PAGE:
- Research article
- Open Access
Determining specific competencies for General Internal Medicine residents (PGY 4 and PGY 5). What are they and are programs currently teaching them? A survey of practicing Canadian General Internists
BMC Research Notesvolume 4, Article number: 480 (2011)
General Internal Medicine (GIM) has recently been approved as a subspecialty by the Royal College of Physicians and Surgeons of Canada. As such, there is a need to define areas of knowledge that a General Internist must learn in those two years of training. There is limited literature as to what competencies are needed in a GIM practice. Draft competencies for GIM (4th and 5th year residents in internal medicine) training were developed over eight years with input from many stakeholders. Practicing General Internists were surveyed and asked their perspective as to the level of importance of each of these competencies for GIM training. They were also asked if training gaps exist in current training programs. The survey was offered widely online in both English and French to gain perspectives from as many different contexts as possible.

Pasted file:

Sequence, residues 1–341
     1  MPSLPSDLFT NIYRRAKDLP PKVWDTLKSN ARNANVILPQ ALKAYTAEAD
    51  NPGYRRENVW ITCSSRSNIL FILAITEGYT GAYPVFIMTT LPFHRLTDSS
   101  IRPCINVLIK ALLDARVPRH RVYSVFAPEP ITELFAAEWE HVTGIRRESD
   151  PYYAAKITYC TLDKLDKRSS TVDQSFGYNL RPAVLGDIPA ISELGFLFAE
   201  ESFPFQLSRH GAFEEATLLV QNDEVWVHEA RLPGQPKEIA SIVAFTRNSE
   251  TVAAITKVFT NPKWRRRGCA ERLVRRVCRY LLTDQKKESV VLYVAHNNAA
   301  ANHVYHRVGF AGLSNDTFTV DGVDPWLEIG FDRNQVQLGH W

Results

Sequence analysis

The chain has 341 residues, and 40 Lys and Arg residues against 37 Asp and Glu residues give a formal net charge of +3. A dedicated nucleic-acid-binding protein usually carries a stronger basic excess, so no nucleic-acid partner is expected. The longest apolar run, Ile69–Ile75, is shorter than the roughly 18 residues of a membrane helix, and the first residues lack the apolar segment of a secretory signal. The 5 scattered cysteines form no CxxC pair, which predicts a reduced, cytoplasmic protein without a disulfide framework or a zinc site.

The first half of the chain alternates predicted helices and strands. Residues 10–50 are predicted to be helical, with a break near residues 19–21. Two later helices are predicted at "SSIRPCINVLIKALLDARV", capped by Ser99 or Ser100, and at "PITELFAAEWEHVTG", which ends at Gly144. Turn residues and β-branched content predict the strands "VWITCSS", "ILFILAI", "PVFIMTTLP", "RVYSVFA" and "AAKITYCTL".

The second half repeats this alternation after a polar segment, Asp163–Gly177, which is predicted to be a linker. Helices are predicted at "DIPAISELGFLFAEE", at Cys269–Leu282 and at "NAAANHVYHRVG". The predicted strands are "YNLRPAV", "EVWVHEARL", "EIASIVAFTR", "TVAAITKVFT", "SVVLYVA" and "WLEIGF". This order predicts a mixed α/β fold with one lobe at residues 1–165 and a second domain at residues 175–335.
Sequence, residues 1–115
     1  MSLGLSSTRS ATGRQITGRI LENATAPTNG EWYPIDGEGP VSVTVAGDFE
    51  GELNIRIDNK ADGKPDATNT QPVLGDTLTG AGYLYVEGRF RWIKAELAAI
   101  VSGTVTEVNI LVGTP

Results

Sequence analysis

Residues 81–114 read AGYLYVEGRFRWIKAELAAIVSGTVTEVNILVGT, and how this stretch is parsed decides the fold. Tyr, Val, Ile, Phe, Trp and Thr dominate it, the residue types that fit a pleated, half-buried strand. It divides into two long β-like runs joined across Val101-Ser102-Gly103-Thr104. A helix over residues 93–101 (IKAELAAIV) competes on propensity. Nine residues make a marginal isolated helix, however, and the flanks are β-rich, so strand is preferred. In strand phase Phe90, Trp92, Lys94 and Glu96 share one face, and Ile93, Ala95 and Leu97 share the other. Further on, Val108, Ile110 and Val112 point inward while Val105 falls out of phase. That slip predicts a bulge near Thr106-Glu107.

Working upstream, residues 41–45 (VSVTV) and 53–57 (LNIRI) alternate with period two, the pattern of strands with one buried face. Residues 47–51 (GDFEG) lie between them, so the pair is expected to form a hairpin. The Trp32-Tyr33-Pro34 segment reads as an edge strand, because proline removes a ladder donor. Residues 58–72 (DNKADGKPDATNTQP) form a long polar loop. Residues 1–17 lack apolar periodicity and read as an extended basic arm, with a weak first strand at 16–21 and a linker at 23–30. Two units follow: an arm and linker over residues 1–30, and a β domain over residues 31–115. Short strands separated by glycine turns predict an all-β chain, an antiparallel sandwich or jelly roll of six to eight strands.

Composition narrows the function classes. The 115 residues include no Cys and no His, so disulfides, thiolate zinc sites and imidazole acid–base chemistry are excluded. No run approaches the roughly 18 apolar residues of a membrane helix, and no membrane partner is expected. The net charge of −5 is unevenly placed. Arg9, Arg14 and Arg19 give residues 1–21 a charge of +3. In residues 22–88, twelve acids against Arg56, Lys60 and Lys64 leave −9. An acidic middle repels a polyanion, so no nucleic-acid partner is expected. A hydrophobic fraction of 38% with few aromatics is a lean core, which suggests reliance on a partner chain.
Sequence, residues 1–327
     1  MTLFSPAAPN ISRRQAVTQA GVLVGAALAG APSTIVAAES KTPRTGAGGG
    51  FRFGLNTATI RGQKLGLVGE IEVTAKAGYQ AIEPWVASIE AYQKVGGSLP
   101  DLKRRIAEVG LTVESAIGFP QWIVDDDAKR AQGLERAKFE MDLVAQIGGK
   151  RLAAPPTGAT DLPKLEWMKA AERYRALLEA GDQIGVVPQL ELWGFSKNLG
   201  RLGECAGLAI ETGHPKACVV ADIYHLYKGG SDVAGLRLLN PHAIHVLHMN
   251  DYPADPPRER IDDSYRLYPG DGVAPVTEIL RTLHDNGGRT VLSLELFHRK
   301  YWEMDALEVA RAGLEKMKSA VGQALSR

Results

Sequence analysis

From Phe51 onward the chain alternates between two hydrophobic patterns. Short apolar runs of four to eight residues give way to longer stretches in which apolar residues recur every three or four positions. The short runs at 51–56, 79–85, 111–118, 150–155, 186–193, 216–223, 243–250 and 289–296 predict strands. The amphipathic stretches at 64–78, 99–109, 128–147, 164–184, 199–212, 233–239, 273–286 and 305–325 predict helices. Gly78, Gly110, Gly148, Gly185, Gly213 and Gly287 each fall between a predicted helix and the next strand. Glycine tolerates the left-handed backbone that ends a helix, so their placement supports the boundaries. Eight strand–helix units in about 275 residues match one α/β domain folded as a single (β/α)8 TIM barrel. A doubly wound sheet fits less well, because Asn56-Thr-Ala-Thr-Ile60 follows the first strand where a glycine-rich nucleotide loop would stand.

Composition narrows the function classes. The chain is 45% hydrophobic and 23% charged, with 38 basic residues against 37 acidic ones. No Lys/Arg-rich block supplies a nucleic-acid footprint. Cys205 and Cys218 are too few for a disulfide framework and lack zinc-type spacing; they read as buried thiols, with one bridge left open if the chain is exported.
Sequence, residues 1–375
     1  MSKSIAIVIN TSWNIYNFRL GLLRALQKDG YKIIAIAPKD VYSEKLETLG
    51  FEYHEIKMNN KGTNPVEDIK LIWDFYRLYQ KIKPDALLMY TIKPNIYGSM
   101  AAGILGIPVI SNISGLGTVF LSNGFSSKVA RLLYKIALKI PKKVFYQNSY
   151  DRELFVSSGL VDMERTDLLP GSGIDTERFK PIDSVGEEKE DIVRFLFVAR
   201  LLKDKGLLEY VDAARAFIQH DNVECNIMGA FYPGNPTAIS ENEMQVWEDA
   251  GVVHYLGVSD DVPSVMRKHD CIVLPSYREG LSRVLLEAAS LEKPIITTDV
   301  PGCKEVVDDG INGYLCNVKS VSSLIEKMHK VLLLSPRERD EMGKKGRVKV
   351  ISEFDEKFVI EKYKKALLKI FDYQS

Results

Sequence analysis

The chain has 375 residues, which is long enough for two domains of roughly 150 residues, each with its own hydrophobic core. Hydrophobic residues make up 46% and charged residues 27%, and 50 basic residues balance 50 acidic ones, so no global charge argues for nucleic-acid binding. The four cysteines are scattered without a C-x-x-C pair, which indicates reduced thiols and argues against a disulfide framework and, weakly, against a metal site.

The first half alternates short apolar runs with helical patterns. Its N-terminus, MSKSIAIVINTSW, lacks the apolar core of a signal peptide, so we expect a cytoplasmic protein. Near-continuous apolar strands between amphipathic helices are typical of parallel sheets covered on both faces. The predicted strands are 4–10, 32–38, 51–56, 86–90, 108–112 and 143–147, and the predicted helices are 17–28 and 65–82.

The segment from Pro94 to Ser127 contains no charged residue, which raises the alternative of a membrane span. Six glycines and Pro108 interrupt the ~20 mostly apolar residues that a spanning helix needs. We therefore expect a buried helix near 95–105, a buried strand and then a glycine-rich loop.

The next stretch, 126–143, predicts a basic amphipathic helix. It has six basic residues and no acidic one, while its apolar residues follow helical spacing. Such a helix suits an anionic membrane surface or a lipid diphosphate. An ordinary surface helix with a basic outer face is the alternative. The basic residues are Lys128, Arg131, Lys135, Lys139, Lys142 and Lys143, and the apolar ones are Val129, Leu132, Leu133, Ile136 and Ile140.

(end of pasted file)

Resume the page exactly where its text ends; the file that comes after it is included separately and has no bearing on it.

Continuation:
157 General Internists, in practice on average for 15 years, responded from all of Canada's provinces and territories. Practice profiles were diverse (large urban centers to rural centers). The majority of the competencies surveyed were perceived as important to attain at least proficiency in. Perioperative care, risk reduction, and the management of common, emergent, and complex internal medicine problems were identified as key areas to focus training programs on, with respondents perceiving these should be mastered to an expert level. Training gaps were identified, most frequently in that of the manager role (example managing practice).
This is the first study we are aware of to attempt to isolate the opinions of practicing Canadian General Internists as to the major competencies that should be mastered as a General Internist. We suggest that "generalism" in the context of GIM, does not mean a bit of knowledge about everything but that defined objectives for training in this 'newest' of Royal College subspecialties can be identified. This includes mastery of core areas such as perioperative care, risk reduction, and management of common, emergent and multiple internal medicine problems. The training gaps identified need to be addressed to ensure that General Internists continue to provide excellence in health care delivery.
"Value generalism" is one of the principles that have emerged from the Future of Medical Education in Canada (FMEC) Undergraduate report . To do this the report suggests that MD education must focus on broadly based generalist content . As the postgraduate report is underway generalism themes have also emerged  particularly as it relates to societal needs. It is also however widely recognized that the definition of "generalism" is not universally accepted . Lay literature suggests that "generalists" should know something about everything,  but in the increasingly complex health care environment this is a very difficult task .